"Faking Hitler" on VOX: Nazis, narcissists and fallen heroes

Almost 40 years ago, the "Stern" thinks it landed the big coup with the Hitler diaries.

"Faking Hitler" on VOX: Nazis, narcissists and fallen heroes

Almost 40 years ago, the "Stern" thinks it landed the big coup with the Hitler diaries. In the end, however, it will be the biggest media scandal to date. This is what the series "Faking Hitler" tells, which is running on VOX on free TV from today.

At the beginning of the 1980s, the ball started rolling, which brought the magazine "Stern" its worst defeat two years later and is still considered the biggest media scandal today. At that time, the renowned investigative journalist Gerd Heidemann fell for Konrad Kujau, a skilful and shrewd art forger. This story unfolds in the mini-series "Faking Hitler", which is based on the "Stern" podcast of the same name. Lars Eidinger shines as Gerd Heidemann. The right cast was found for the role of Konrad Kujau in Moritz Bleibtreu.

It is not the first time that the story has been converted into moving images. The British series "Selling Hitler" by Alastair Reid from 1991 with Jonathan Pryce and the film "Schtonk!" by director Helmut Dietl with Götz George the following year took on them in a satirical way. However, the approach of "Faking Hitler" is different. Not only because the authors around initiator Tommy Wosch and the directors Wolfgang Groos and Tobi Baumann were able to take significantly more time than Dietl once did thanks to a total length of four and a half hours in six episodes. It's also less about the gleeful humor that's inherent in the whole thing. Rather, the focus is on the tragic heroes of the story and what drives them. This is garnished with fictional elements that further underline the explosiveness of the events.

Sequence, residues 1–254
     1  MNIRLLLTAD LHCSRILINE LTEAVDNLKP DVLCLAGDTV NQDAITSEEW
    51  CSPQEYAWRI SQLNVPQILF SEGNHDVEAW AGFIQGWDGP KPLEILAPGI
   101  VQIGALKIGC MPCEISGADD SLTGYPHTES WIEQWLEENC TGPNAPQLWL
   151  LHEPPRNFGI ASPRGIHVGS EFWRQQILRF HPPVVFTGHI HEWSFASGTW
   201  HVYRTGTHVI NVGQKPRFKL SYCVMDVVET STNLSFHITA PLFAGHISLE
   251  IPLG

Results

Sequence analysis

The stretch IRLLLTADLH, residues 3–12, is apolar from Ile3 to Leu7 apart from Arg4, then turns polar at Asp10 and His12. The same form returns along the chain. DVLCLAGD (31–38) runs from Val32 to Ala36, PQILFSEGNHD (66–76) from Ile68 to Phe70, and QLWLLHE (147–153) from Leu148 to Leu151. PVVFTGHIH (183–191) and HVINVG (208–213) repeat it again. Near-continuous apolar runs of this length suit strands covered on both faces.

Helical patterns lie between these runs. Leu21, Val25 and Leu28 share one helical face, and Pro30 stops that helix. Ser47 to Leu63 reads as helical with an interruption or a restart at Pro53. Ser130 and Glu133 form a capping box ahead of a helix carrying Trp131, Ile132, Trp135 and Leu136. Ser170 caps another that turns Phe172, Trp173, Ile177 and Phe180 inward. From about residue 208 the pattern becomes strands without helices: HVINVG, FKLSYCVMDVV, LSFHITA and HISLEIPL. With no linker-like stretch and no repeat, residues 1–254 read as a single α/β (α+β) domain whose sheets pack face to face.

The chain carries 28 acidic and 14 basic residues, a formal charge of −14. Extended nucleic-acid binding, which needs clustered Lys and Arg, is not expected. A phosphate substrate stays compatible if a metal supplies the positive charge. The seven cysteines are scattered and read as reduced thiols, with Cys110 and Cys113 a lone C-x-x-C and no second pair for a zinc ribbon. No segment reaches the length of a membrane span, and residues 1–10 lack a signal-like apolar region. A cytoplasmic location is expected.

At the time, Gerd Heidemann (Lars Eidinger) was the driving force behind the "Stern" editorial team. Or he was, because his last blockbuster was a while ago. And so he is under pressure to finally have to conjure up an exclusive story out of a hat that will cause a stir and circulation. As a lover of Nazi memorabilia, through one of his contacts he came across diaries that the Führer himself is said to have written between 1935 and 1945 - secretly, of course. Diaries that show the monstrous Adolf Hitler in a different, more human light. At the "Stern" one soon believed that the history of the Third Reich had to be rewritten. Nobody suspects that the actual author of the 62 books is the one who pretends to be an intermediary. For him, Konrad Kujau, it is the biggest coup of his career as an art forger. For the journalist Gerd Heidemann, however, it is the biggest defeat and the end of his career.